John A Waller
Updated: April 29th,2021.
Directors’ Duties & Responsibilities
Directors’ Duties and Responsibilities include;
- Ensuring the success of the company;
- A duty to the company;
- To manage in a fit and proper manner. Moreover,;
- Exercise independent judgement;
- Act within powers;
- Avoid a breach of duty;
- Evade conflicts;
- Avoid directors breach of duties;
- Act in good faith;
- Exercise genuine business judgement;
- Protect company assets;
- Knowledge skills of the company;
- All officers understand the duty of directors;
- Act by companies acts;
- Ensure health, safety, and statutory duty of the company;
- Must act honestly and exercise reasonable care;
- Understand the consequences of breach.
They have responsibilities, also then to the company’s business, creditors and employees.
Above all, directors have broad powers and the freedom to manage a company. However, laws apply to check directors abusing power.
The UK government maintains webinars to assist new directors, please view: WEBINARS
As a director of a limited company, you are required to carry out duties and obligations in accordance with the Companies Act 2006. Directors who fail to adhere to obligations risk prosecution and potentially being struck off as a director for many years.
Appointments – Directors
Every limited company, however, must have a company director. At least one then needs to be an actual person.
- Initial director(s). The shareholders appoint them when forming the company;
- Future appointments comply with rules set out in the articles of association;
- Executive and non-executive directors can be appointed;
- People not appointed should take care not to act as a shadow or ‘de facto’ director;
- Former directors barred from acting along with bankrupts are therefore not able to hold office;
- To act as a Director, you advise companies house of your appointment;
- Who was appointed, and when?
- If anyone has resigned and when;
- Any details changed, and when.
Directors’ Duties and Responsibilities – Exercising directors’ powers.
Directors are required to ensure no limitations exist for performing the role of a director.
- Exercise care skill and diligence;
- Directors authority outlined in articles of association;
- Maintain independent judgement.
They therefore must act in a way which promotes the success of the company and benefits the shareholders. A director must consider several statutory factors, including the consequence of decisions and the interests of shareholders and employees.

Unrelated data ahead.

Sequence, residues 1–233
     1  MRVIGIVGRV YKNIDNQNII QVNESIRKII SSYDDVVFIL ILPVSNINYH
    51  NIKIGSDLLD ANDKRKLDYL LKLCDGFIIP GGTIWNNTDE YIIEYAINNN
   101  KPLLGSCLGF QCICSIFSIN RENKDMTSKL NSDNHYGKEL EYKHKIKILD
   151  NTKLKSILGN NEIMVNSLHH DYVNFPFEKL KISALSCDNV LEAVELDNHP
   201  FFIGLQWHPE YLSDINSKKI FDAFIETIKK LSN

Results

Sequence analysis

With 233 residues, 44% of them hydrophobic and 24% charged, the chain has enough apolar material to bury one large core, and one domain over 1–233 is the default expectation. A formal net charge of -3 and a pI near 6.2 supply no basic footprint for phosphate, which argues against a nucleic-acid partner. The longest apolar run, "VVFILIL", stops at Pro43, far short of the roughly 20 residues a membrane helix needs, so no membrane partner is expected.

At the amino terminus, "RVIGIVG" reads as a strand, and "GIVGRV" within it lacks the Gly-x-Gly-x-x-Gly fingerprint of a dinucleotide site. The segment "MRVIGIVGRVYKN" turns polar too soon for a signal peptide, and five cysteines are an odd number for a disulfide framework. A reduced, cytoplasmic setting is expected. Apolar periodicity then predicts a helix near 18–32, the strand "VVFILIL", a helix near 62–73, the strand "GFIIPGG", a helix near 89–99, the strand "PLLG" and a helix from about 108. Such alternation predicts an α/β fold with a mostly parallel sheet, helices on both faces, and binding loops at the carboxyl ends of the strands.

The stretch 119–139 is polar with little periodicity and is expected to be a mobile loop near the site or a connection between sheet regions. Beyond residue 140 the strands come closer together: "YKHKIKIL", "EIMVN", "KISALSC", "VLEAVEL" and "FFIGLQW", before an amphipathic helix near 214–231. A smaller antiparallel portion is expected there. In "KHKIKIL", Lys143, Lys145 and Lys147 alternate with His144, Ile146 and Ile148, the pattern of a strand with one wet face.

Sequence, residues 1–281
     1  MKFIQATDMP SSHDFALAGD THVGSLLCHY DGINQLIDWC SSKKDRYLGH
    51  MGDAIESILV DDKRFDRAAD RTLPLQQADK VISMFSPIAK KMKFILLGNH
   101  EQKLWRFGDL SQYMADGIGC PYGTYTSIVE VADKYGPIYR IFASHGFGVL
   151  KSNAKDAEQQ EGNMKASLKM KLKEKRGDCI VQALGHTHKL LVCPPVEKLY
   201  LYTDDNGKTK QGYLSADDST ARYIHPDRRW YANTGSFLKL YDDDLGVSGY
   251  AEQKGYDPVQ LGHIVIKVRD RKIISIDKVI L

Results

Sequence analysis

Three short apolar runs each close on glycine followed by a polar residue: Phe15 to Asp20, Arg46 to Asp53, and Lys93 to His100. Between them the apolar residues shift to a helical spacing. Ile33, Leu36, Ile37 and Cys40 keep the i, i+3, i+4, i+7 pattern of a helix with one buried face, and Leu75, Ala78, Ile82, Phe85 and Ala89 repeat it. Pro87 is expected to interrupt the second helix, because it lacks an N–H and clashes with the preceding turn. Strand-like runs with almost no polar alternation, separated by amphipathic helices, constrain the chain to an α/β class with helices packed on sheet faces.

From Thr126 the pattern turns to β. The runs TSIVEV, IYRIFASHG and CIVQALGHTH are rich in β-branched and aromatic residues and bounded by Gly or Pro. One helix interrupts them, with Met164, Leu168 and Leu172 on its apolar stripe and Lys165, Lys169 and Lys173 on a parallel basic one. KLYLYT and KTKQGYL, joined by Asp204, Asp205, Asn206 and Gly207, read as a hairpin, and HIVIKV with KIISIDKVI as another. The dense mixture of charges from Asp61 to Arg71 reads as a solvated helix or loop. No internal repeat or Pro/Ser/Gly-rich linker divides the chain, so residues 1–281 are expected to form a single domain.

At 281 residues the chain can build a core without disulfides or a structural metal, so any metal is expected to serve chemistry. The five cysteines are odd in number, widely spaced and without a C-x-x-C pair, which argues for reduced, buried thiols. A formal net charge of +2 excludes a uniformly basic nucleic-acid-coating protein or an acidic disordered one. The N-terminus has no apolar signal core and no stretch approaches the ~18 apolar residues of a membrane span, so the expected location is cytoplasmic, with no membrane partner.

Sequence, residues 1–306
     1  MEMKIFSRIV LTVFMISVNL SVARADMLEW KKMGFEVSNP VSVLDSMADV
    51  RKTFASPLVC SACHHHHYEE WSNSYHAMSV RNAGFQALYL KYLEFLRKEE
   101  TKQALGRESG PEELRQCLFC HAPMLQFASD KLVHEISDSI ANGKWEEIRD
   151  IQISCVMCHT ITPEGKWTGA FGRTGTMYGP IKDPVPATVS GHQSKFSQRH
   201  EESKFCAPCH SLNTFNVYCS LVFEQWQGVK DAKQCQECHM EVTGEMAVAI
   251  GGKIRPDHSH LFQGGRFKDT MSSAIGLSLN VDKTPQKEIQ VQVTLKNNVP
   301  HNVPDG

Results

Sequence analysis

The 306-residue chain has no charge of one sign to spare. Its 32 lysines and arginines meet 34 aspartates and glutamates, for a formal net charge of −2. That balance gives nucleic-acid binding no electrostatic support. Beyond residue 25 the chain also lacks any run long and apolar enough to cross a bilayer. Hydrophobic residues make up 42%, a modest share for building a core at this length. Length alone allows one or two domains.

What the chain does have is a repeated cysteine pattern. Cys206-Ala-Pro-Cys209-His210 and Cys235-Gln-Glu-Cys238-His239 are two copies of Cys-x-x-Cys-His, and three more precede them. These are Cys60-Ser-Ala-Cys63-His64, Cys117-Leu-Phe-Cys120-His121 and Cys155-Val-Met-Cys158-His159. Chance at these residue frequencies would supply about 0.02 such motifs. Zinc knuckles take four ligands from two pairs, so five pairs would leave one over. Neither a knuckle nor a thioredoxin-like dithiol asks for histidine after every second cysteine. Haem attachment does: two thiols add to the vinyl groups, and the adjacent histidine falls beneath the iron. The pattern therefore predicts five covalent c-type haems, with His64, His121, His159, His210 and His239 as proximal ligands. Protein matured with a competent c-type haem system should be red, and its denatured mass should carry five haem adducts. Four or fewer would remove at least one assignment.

- You must give equal rights and consideration to all shareholders;
- As a director, do not set your position to benefit yourself at the company’s expense;
- Legally declare any conflict of interest;
- The shareholders must approve any deals between the company and you.
Responsibilities under company law.
Directors. They are therefore responsible for ensuring that the company complies with UK company law. However, failure to so may affect you personally.
- Statutory returns require filing with Companies House, on time;
- Ensure accounts are filed with Companies House;
- Provide company details on business stationery and elsewhere;
- Treat all creditors fairly and not to prefer one over another;
- Not to benefit yourself over the creditors of the company.
The Companies Act 2006
The Companies Act of 2006. An act of parliament, the source of UK company law. The 2009 Corporation Tax Act updated it.
The critical points of the act are:
- All aspects of the Companies Act 1985 were overhauled and updated;
- For public and private companies, an additional provision added;
- Existing common law principles codified along with directors’ duties;
- EEC Transparency Obligations and takeover directives added;
- Company law regime for the entire UK became unified;
- Great Britain & Northern Ireland split in dealing with the company law.
Directors Duty – Potential penalties.
Exercise your responsibilities carefully as a director. Penalties for failure to do so can, however, be severe.
- You may be held personally liable for losses of the company;
- Directors can be responsible if you act in breach of yours. Responsibilities, collectively and jointly;
- You may face disqualification from office when acting as a director;
- The Worst case scenario, you could receive a criminal conviction.
Please read Why do directors delay taking insolvency advice?
Responsibility for Directors in the UK during a liquidation
- As a director, you should therefore ensure the company ceases to trade. Once determined, the company is insolvent.
- Ensure care not to raise further sales invoices, pay staff, deliver finished goods, allow creditors to collect unpaid supplies or request any additional finance for the company. Any director, therefore, doing so, is not in the interests of company creditors and may place you in danger of allegations of wrongful trading, as per Section 214 of the Insolvency Act 1986.